PCL (Posterior Cruciate Ligament) Injury
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Action Plan - PCL (Posterior Cruciate Ligament) Injury - Knee Surgery
POST SURGERY - FREQUENTLY ASKED QUESTIONS
If you have recently undergone knee surgery please review the below information to help you navigate through your post operative care.
1.) How long will I need to be on crutches after surgery?
Answer: Depending on the surgery performed you may not need crutches at all. If you do need crutches, they will be required for a period of time up to the point that you are walking with a reasonably normal gait without a significant limp or swelling to the knee. This is usually approximately 2-4 weeks.
2.) How soon can I try and walk after surgery?
Answer: You are encouraged to walk immediately with the use of crutches but only for very short distances, for example, around your home.
3.) When do I start bending my knee after surgery?
Answer: You are encouraged to bend you knee as soon as possible. Move the knee through any pain free range of motion.
4.) How much should I be able to bend it after surgery?
Answer: There is no limit to movement other than pain. You should only move it to a pain free position.
5.) Why do I have calf pain?
Answer: This is very common but if it is very painful and swollen it could be something more significant and you may be required to seek medical attention.
6.) If I have blisters on the wound, what should I do?
Answer: Blisters can occur due to the steri strips. They will resolve on their own but if they burst just keep the wound dry and it will resolve.
7.) When can I start to workout again?
Answer: You can start to workout once all the wounds have healed. This usually occurs after about 1 week.
General PCL (Posterior Cruciate Ligament) Injury - Knee Surgery Information
The PCL (posterior cruciate ligament) is a ligament found in the back and central region of the knee. It connects the thigh bone (femur) to your shin bone (tibia), and stops the shin bone (tibia) from sliding backwards. You can injury your PCL in a number of ways, often in motor vehicle accidents if you strike the dash with your knee flexed at 90 degrees. In sports, it can happen when you land on your knee or if you hyper-flex or hyper-extend the knee and get hit.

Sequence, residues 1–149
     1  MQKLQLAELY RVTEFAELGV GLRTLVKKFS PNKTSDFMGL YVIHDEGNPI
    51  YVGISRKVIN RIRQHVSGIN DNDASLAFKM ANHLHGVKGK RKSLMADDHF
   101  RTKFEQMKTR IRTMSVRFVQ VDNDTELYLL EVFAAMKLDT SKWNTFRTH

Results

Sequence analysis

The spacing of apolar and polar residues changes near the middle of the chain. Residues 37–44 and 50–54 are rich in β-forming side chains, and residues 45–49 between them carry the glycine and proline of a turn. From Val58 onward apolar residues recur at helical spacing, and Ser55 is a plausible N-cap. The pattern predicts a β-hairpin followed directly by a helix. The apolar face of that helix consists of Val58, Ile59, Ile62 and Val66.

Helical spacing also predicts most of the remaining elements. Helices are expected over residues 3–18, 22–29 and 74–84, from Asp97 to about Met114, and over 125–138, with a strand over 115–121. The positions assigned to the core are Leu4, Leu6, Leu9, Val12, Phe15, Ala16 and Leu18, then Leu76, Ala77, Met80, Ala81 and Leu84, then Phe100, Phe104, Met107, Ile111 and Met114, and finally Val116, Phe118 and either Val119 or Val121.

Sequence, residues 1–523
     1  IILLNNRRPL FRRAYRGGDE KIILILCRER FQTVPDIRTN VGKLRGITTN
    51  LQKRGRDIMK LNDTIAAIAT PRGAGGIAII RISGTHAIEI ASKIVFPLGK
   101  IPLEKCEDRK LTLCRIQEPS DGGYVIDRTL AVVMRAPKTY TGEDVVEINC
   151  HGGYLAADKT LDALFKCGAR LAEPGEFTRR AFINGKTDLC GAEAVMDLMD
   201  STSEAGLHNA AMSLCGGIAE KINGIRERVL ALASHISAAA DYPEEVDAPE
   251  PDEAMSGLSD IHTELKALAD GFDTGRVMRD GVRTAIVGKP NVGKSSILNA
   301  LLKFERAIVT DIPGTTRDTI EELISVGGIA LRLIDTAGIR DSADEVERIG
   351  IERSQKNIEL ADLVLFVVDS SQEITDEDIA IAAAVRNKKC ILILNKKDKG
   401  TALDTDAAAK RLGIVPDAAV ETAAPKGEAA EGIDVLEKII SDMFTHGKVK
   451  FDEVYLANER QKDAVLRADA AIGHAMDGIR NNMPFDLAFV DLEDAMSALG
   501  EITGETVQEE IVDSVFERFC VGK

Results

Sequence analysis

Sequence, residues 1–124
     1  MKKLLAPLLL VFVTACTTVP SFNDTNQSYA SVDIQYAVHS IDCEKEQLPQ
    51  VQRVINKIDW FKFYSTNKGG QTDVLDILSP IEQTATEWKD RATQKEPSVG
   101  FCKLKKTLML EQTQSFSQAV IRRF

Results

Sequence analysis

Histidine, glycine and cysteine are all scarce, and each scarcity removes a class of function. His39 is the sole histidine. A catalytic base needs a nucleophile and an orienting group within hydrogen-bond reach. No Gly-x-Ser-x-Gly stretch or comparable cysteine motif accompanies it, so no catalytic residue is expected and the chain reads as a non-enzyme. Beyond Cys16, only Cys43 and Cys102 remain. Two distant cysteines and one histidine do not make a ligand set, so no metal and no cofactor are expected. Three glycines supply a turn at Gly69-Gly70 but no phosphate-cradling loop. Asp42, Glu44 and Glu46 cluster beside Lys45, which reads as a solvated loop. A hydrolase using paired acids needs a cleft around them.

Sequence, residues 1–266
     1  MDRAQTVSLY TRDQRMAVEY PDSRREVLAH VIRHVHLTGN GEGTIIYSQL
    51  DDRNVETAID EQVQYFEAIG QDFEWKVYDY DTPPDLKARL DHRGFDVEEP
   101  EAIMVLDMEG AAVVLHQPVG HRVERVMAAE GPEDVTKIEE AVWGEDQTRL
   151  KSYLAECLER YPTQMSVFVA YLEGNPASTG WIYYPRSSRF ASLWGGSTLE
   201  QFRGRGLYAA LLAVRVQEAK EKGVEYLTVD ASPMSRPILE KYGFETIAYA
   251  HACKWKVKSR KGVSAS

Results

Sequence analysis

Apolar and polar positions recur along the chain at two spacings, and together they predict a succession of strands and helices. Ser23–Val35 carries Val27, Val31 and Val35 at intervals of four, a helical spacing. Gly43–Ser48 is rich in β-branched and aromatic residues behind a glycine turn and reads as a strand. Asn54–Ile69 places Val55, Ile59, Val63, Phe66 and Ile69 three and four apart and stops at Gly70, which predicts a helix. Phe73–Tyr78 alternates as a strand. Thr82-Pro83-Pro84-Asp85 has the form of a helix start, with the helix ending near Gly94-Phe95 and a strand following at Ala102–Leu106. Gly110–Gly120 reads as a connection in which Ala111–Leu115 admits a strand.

Symptoms of a PCL Injury
Unlike an ACL injury or meniscus tear, patients may not even realize they’ve suffered a posterior cruciate ligament sprain or tear. Patients who have suffered a PCL injury may experience:
• Trouble bearing weight on the knee or walking
• A feeling of wobbliness in the knee
If you think you’ve injured your posterior cruciate ligament you should either go to the emergency department, see a physiotherapist, or see your family doctor. Depending on the degree of the injury that you’ve sustained, your healthcare provider will recommend physiotherapy, the RICE (rest, ice, compression, elevation) method, pain medication, bracing or surgery.
The doctor may order x-rays to rule out any other injuries, as a posterior cruciate ligament tear can sometimes be associated with a bony evulsion (when the ligament pulls off a piece of bone). He or she may also ask you to walk, as difficulties walking can be a symptom of PCL injury.
Treatment for Posterior Cruciate Ligament Injuries
Most lower-grade PCL injuries can be rehabbed and treated with strengthening through physiotherapy and exercise, often while wearing a knee brace. A significant posterior cruciate ligament injury may require surgery. Rather than stitching together the torn ligament like with an ACL injury, the orthopedic surgeon will replace the torn PCL with new tissue. This usually involves using tissue from a deceased donor or by harvesting a piece of tendon from another part of the body.
There is a less invasive procedure that may be an option: arthroscopic knee surgery. The orthopedic surgeon can make a smaller incision and your recovery time might be shorter. Recovery after a PCL injury generally takes up to six weeks, but if you require surgery, it can take up to 52 weeks.
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Patients may not even realize they’ve suffered a PCL sprain or tear. Symptoms can include pain, swelling, trouble bearing weight on the knee or walking and a feeling of wobbliness in the knee.
Depending on the degree of the injury that you’ve sustained, your healthcare provider will recommend physiotherapy, the RICE (rest, ice, compression, elevation) method, pain medication, bracing or surgery.
Most lower-grade PCL injuries can be rehabbed and treated with strengthening through physiotherapy and exercise, often while wearing a knee brace.
A significant posterior cruciate ligament injury may require surgery. There is a less invasive procedure that may be an option: arthroscopic knee surgery.
Recovery after a PCL injury generally takes up to six weeks, but if you require surgery, it can take up to 52 weeks.